Who is Salman Rushdie?

Author of “The Satanic Verses” Salman Rushdie Stabbed in Neck on lecture stage in New York.

Salman Rushdie, the author whose writing led to death threats from Iran in the 1980s, has been attacked as he was about to give a lecture in southwestern New York state.

Controversial author Salman Rushdie, whose writing led to death threats from Iran in the 1980s, was attacked on Friday while he was on stage to give a lecture at on southwestern New York state.

According to the media reports, the eyewitnesses have said that a person climbed the stage at the Chautauqua Institute and attacked Salman Rushdie with a knife when Salman Rushdie was speaking at an event at the Chautauqua Institution.

According to the New York State Police, the attacker was immediately taken into custody.

New York police further said Rushdie apparently had stab wounds to his neck and was transported by helicopter to a nearby hospital.

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Who is Salman Rushdie?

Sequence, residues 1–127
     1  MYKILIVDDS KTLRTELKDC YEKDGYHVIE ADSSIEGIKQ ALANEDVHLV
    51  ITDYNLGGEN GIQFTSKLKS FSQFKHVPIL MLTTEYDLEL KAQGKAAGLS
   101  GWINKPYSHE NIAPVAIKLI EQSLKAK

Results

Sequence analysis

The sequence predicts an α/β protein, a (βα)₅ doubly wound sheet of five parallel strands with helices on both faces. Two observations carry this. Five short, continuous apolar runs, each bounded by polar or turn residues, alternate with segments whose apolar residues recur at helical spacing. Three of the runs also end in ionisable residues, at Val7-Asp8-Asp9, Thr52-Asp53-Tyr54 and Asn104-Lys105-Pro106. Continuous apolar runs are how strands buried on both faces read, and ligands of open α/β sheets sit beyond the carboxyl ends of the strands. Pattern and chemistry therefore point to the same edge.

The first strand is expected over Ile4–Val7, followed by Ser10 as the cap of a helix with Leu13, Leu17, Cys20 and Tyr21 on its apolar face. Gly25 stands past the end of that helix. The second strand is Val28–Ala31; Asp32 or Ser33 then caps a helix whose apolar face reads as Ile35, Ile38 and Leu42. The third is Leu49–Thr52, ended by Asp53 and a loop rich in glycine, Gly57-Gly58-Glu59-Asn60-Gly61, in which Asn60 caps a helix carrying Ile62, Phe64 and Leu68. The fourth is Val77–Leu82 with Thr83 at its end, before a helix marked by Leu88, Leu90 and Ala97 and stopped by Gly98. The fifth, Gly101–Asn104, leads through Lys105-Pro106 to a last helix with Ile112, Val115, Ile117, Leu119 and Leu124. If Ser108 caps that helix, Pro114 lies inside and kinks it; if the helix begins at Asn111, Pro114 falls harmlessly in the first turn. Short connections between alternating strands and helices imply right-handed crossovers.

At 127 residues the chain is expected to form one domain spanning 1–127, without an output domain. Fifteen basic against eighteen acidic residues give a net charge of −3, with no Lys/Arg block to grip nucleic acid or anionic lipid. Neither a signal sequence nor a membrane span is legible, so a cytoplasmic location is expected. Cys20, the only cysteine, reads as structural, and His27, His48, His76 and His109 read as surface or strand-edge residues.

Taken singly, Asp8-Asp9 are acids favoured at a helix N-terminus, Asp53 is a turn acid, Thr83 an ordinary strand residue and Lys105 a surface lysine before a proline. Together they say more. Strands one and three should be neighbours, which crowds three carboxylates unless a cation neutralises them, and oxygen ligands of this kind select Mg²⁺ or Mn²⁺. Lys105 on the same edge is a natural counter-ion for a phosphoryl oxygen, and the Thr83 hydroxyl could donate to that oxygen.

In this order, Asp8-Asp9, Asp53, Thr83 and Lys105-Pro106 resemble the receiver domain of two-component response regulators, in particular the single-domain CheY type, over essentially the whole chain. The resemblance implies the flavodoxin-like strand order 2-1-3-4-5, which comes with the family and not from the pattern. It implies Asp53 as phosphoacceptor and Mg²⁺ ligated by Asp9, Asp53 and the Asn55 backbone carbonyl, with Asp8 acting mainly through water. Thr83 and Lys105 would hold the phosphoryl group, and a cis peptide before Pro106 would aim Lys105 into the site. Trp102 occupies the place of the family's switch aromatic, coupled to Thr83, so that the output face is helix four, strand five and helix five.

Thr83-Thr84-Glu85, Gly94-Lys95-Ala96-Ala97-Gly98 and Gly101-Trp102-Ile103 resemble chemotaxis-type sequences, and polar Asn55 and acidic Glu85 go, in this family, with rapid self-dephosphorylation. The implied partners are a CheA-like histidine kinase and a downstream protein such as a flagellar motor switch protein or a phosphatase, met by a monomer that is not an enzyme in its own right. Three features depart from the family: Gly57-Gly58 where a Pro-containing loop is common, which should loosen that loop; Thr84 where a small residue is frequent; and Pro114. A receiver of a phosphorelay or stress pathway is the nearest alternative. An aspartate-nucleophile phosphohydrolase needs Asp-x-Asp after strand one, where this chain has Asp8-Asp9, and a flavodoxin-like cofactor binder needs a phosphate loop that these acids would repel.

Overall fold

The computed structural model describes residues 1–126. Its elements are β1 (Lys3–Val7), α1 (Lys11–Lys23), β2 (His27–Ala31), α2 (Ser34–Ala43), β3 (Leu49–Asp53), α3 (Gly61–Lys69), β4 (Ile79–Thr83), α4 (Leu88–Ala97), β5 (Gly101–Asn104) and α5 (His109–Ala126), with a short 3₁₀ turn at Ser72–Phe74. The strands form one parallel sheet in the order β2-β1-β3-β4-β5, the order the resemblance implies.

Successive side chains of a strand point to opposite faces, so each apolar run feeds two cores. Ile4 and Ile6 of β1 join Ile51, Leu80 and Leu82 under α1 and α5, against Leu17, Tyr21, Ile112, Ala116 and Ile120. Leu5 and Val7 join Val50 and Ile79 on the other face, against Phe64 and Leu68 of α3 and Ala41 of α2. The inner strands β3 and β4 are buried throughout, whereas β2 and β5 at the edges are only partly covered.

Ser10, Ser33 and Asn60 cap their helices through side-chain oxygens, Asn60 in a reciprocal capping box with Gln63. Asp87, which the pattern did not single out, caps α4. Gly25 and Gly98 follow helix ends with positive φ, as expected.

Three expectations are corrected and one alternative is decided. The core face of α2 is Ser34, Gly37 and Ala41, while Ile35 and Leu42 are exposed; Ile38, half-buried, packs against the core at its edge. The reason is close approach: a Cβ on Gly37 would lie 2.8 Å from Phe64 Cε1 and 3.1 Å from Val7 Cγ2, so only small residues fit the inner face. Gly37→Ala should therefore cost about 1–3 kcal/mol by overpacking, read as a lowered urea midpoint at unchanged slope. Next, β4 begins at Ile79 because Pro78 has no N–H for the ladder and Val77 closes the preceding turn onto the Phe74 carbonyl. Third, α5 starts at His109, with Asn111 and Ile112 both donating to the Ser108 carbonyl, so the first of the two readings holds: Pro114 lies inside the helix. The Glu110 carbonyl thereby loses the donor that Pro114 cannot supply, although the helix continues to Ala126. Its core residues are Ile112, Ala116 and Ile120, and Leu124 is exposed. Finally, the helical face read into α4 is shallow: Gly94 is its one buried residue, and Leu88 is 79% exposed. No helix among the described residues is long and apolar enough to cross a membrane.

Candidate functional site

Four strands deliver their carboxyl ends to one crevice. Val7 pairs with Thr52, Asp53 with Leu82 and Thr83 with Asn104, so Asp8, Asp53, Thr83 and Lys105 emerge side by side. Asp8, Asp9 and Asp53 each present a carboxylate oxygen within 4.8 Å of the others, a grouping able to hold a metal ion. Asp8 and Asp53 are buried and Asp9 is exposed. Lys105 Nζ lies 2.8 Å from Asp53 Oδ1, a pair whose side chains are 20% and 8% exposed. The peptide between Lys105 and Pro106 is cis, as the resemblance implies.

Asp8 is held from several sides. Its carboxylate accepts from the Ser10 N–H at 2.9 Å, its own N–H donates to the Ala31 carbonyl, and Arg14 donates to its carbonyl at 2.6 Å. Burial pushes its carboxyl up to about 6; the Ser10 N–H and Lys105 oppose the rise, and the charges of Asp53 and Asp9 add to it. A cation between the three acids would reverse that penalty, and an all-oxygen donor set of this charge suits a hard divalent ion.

In 1988, Salman Rushdie published a controversial book, The Satanic Verses, as many Muslims consider it to be blasphemous and led to a million-dollar bounty on his head.

Riots broke out in the Muslim world due to his book ‘Satanic Verses’.

At that time, Iran’s late leader Ayatollah Ruhollah Khomeini issued a fatwa calling for Rushdie’s death.

No novel or book had ever caused a global diplomatic crisis, nor had a government called for the killing of a citizen of another country.

Salman Rushdie’s book is still banned in Pakistan and many other countries and he was forced to live in hiding for almost ten years.

In 2012, a semi-official Iranian religious foundation raised the reward for Rushdie’s murder to $3.3 million.

The British government provided police protection to Salman Rushdie, who was born in a Muslim family in India.

Salman Rushdie was transferred to various safe havens under the alias of Joseph Anton. In the first six months, he had to change places 56 times.

In his diary, based on the memoirs of Joseph Anton, he wrote in 2012 that he was detained and imprisoned, he couldn’t even speak adding that he wanted to play football in the park with my son and a normal life was his impossible dream.

The Muslim world was angered by the Queen’s award of the ‘sir’ title in 2007 for services to literature to Salman Rushdie.

Iran accuses Britain of promoting ‘Islamophobia’ by this time Rushdie had settled in New York without fear, where he had moved in the late 90s.

After living in the shadows for so long, he has become increasingly popular, and many in the West see him as a hero of freedom of expression.

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